The last time writer/director Jang Hye-yeong saw her mentally challenged younger sister Hye-jeong was...um, that detail's actually a bit unclear, come to think of it. We're explicitly told that that Hye-jeong was put in an assisted care facility at the age of thirteen, and that the subject of "Grown Up" is the decision made by writer/director Jang Hye-yeong to remove her sister from the facility and live together with her some seventeen years later. But an awful lot of the background is surprisingly vague.
The omission of this information is likely a consequence of the documentary's deliberately narrow scope. "Grown Up" is about Hye-jeong's adjustment to life in the real world. Oddly enough Hye-jeong herself suffers few difficulties through this process. The understandably childlike woman is always happily bouncing around and dancing. The main problem comes when anyone tries to get Hye-jeong to actually do aything.
"Grown Up" does not deal with this issue as much as I would have liked to see. In contrast to "Myeoneuri - My Son's Crazy Wife" which spotlights a dysfunctional family with all its warts, writer/director Jang Hye-yeong avoids showing us too much that might render any of the profiled people unsympathetic. While much is made of how Jang Hye-jeong is relying on the help of her new extended family to take care of her sister, it's left very vague who these people are or why Jang Hye-jeong trusts them so implicitly as to leave them alone with her sister as a caretaker via relay.
The only fact of which I am confidently certain is that they are friends rather than relatives. The first reference we get to the household the sisters grew up in comes up at the halfway point, during an audio-only conversation with a social worker. The existence of a third older sister who married a foreigner, as well as the revelation that the parents of this family divorced at some unknown point, begs a lot of questions that aren't answered.
So given the complete lack of context, what exactly does "Grown Up" use to fill up its runtime? Well, mostly we just get lots of scenes where Hye-jeong spends time with her sister, or goes to a class, or starts dancing apropos of nothing, and most usually some combination of all three. Probably the most distinctive bits are where Hye-jeong goes out on dates with Jang Hye-yeong's male friends. That is (presumably) not what they're actually doing, although that's what any random bystander would assume.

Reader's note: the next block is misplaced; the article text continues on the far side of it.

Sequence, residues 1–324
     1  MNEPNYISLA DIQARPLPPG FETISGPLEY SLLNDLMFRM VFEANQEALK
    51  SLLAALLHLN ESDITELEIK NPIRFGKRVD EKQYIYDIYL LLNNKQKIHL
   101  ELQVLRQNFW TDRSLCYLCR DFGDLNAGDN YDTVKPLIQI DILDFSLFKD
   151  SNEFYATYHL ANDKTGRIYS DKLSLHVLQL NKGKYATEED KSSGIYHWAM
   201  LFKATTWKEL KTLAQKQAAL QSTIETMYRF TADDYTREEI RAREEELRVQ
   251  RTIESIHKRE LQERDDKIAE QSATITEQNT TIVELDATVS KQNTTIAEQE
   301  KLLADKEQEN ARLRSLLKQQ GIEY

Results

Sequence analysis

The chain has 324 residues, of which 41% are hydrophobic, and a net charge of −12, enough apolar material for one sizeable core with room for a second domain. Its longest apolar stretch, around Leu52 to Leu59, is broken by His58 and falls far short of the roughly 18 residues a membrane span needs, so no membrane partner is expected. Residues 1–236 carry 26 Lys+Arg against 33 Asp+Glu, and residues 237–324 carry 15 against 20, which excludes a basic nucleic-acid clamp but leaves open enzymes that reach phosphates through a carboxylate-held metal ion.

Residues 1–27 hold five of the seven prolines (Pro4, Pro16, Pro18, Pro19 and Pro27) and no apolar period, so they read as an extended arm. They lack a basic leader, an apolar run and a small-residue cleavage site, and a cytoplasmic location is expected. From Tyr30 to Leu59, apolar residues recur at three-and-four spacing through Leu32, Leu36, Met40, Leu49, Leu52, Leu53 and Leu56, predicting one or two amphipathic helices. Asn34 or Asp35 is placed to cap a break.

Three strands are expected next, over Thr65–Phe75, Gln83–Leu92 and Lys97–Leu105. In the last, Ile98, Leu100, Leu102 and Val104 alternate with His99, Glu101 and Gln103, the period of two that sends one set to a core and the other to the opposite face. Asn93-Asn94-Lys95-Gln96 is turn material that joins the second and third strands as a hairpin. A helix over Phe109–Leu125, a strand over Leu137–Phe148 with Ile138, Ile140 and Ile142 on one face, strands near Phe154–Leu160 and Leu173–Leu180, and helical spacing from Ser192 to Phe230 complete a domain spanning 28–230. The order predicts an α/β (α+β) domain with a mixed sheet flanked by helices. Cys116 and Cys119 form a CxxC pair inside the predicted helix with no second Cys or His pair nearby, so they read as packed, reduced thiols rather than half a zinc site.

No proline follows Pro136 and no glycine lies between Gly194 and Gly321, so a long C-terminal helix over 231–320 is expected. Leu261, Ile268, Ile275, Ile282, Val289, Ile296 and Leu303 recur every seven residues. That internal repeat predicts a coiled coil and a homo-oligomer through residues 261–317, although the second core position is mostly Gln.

Hye-jeong is a charming enough leading lady I did find her adventures diverting. In a way I actually admire her directness. When Hye-jeong expresses impatience or frustration with something, all anyone can really do is acknowledge it and try to find a more constructive way of interacting with her. In this way we see her grow from childlike simplicity to being able to compose the song that plays over the closing credits. Still for a one hundred minute documentary, such simplistic material is fairly thin- and after awhile I was impatient for the story to end.
Review by William Schwartz
Staff writer. Has been writing articles for HanCinema since 2012, having lived in South Korea since 2011. Started out in Gyeongju, then to Daegu, then to Ansan, then to Yeongju, then to Seoul, lived on the road for HanCinema's travel diaries series in the summer of 2016, and is currently settled in Anyang. Has good tips for utilizing South Korea's public bus system. William Schwartz can be contacted via email@example.com.
"[HanCinema's Film Review] "Grown Up""
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